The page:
Introduction: How to Build Circuits

About: My Name is Haris Rashid and I am 15 years old. A web designer who seeks to produce luxurious designs and become a buzz in the field of game development. I also love to geek out with computers and electronics

Learning about circuits is very easy, maybe easier than you think. This instructable will be a very helpful getting started guide for newbies to get going on the road to building awesome circuits. Firstly this instructable will show you the basic components used in Circuits. This will also give you an overview to the software used to simulate and design your circuits. We will be making a simple circuit with Arduino Microcontroller at the end of this instructable.

Step 1: What Is Electricity?

Before building a circuit you will have to know what electricity is. Basically, there are two types of electrical signals.

Alternating current (AC) describes the flow of charge that changes direction periodically. As a result, the voltage level also reverses along with the current. AC is used to deliver power to houses, office buildings, etc. The rate of reversal is measured in Hertz (Hz). AC power that reaches our house has a reversal rate of 50 Hz.

Direct current (DC) is a bit easier to understand than alternating current. Rather than oscillating back and forth, DC provides a constant voltage or current. DC current flows between Power (Vcc) and Negative (-ve).

Electricity is described using two words Ampere (Amps) and Voltage (V). Load that runs on electricity is described by Resistance (Ω). These are related with the equation V= I x R. A picture above describes this equation best.

Step 2: Circuits

There are two types of circuits.

Open Circuit where there is no flow of electrons or electricity. We can say that the circuit is broken.

Closed Circuit means that the circuit is complete and there is a flow of electricity. This would allow the electrons to flow from Power to the Ground.

Circuits can be further classified as Parallel and Series circuits.

When things are wired in series, a load is connected one after the other so that electricity has to pass through ever single load that comes in its way.

When things are wired in parallel every load is connected to electricity directly. Electricity is distributed to every load equally.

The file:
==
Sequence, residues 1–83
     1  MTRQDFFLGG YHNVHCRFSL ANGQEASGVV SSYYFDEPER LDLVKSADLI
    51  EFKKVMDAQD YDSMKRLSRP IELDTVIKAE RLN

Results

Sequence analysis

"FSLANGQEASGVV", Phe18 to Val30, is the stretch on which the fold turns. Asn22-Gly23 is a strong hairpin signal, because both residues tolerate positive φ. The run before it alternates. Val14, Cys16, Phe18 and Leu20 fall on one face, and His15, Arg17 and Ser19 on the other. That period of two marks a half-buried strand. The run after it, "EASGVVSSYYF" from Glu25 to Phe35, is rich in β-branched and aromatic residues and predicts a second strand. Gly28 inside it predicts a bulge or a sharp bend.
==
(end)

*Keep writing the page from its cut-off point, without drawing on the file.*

Pictures above describe the circuits in a best way possible. If you want to further increase your knowledge on circuits you can visit the link below.

Step 3: What Are Some Basic Electronic Components?

You will work with a number of basic electronic components when building electronic circuits, including resistors, capacitors, diodes, transistors, and integrated circuits. Here is a brief overview of the functions of each of these basic electronic components.

1) Resistors

2) Capacitors

3) Diodes

4) Transistor

5) Potentiometers

6) Integrated Circuits (IC’s)

7) Light Emitting Diodes (LED’s)

8) Switches

9) Batteries

Step 4: Resistors

Resistors are one of the major components used in Circuits.

These add resistance to the flow of current in an electrical circuit. In a circuit diagram, it is represented as a pointy squiggle with a value next to it.

All resistors are color coded that represent different values. These are measured in Ohms. Its symbol is Omega.

Resistors also have different wattage ratings. We use ¼ Watt resistors in DC Circuits. You may use Graphical Resistance Calculator to measure the resistance of a resistor.

Step 5: Diodes

Diodes are components which are polarized. They only allow

electrical current to pass through them in one direction. This can be placed in a circuit to prevent the electricity from flowing in the wrong direction. These can be placed in a circuit to prevent electricity from flowing in the wrong direction.

Ring on the diode indicates that this side connects to Gnd (Cathode) and other terminal side connects to Power (Anode) or Vcc.